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Galapagos sea lions threatened by human exposure

A recent study conducted by the Zoological Society of London (ZSL) on endangered Galapagos sea lions (Zalophus wollebaeki) has revealed that the animals are more susceptible to starvation as a result of their exposure to humans. Over a span of more than 18 months, conservationists tagged and monitored the behavior and physiology of two groups of 60 Galapagos sea lions, one in San Cristobal, which is inhabited by humans, and one in Santa Fe, where there are no humans, dogs, cats, mice, or rats.

The study has shown that exposure to human influences such as pets and pollution can impair the animal’s level of immunity, making them less able to hunt and more likely to go hungry when food is scarce.

“The immune systems of San Cristobel sea lions were more active, perhaps indicating a threat of infectious disease, which could mean human activity is increasing the chance of potentially dangerous diseases emerging in the Galapagos sea lion,” said ZSL’s Paddy Brock. “A tell-tale sign of an unhealthy sea lion is a thinner than normal layer of blubber, which is what we saw in the sea lions on San Cristobal. This was all the more notable, as we didn’t notice these patterns in sea lions on Santa Fe, where they live without the presence of people or pets.”

Galapagos sea lion and a pup.  Photo credit: ZSL_Paddy Brock.
Galapagos sea lion and a pup. Photo credit: ZSL_Paddy Brock.

People continue to import pets regularly to the Galapagos in spite of laws put in place to protect the unique wildlife of the islands. These imported pets bring with them an increase in risk of new diseases transferring to the local species. While the pets themselves may appear healthy, they can carry and spread diseases that have no effect on them, but can be completely devastating to other animals.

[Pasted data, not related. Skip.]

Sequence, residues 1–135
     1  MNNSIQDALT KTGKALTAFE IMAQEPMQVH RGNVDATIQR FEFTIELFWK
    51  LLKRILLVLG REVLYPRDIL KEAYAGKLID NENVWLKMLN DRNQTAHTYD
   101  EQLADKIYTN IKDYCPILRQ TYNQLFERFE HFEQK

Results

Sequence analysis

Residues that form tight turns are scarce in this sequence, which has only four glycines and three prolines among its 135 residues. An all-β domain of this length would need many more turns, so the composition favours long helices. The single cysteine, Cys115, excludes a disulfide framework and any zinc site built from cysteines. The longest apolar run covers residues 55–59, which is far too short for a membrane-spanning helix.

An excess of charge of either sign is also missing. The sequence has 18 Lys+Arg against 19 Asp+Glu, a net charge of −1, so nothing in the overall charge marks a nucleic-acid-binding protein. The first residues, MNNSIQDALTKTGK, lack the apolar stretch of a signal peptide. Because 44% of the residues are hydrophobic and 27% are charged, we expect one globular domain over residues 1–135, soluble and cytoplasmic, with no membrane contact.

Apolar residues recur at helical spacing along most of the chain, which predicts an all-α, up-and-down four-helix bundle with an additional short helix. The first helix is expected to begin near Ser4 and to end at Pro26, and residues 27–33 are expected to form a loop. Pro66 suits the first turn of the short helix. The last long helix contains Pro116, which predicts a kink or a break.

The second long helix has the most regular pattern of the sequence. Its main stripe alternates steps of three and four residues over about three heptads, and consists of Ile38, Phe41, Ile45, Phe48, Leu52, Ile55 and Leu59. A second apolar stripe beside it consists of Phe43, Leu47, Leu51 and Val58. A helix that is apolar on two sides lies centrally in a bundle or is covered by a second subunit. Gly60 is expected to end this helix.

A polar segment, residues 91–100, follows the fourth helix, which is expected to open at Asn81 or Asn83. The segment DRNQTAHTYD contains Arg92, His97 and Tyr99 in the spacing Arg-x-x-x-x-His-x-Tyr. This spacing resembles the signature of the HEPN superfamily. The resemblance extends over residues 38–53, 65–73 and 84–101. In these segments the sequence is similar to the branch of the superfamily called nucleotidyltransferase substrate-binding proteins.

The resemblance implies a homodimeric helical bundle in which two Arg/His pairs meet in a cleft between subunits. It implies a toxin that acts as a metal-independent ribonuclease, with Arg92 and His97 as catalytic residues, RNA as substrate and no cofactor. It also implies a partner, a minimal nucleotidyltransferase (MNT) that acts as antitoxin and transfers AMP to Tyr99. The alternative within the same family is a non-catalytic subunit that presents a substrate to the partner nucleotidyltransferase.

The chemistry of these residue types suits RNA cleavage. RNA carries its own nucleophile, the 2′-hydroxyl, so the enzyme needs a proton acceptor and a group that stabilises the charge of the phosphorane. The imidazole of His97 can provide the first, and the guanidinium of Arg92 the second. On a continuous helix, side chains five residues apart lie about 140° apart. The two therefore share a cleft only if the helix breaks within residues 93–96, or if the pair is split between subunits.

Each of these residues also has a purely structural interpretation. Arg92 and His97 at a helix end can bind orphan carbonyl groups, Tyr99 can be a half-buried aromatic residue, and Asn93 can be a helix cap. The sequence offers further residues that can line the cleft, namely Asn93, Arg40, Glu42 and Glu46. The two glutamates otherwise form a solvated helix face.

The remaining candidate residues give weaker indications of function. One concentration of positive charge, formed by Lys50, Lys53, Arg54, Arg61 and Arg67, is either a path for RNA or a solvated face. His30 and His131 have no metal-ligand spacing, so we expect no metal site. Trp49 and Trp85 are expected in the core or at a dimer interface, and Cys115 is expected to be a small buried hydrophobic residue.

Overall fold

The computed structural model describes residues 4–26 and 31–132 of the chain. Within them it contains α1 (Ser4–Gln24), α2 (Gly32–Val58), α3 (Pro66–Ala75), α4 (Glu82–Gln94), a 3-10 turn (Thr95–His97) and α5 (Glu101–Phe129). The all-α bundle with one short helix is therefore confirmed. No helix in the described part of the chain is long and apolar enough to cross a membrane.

“Pet owners on the Galapagos can help lower the risk of disease spread by following the guidelines of the Galapagos National Park and the Galapagos municipal authorities, which do not allow the import of pets to the archipelago, their breeding on the archipelago or their movement between islands,” Brock told “They can also minimize the interaction between their pets and wildlife, which in the case of dogs and sea lions can be done by always walking one’s dog on a lead when near a sea lion beach.”

Another issue associated with the sea lions’ overactive immune systems is the dumping of sewage into the bay on San Cristobal. This is potentially increasing the exposure of these animals to human related germs and bacteria.

Zoological Society of London's Paddy Brock is shown with Galapagos sea lions.  Photo credit: ©ZSL_JanaJeglinski.
Zoological Society of London’s Paddy Brock is shown with Galapagos sea lions. Photo credit: ©ZSL_JanaJeglinski.

“The patterns we described are in pups and juveniles that cover an age range from shortly after birth until two years old,” Brock says. “The effect was strongest in the first three months of life, and this age group may have been most affected as this is the period of development during which certain parts of the immune system are developing and maturing, and are more sensitive to environmental influences.”

In order to address these threats facing the Galapagos sea lions, with the added help of collaborators, ZSL will carry out further research on the methods behind these described patterns, such as genetics’ role in the issues. For others looking to help, Brock has suggested, “People who don’t live on the Galapagos can contribute by getting involved with – or donating to – the Galapagos National Park or to one of the charitable organizations that support its work such as the Galapagos Conservation Trust or Charles Darwin Foundation.”

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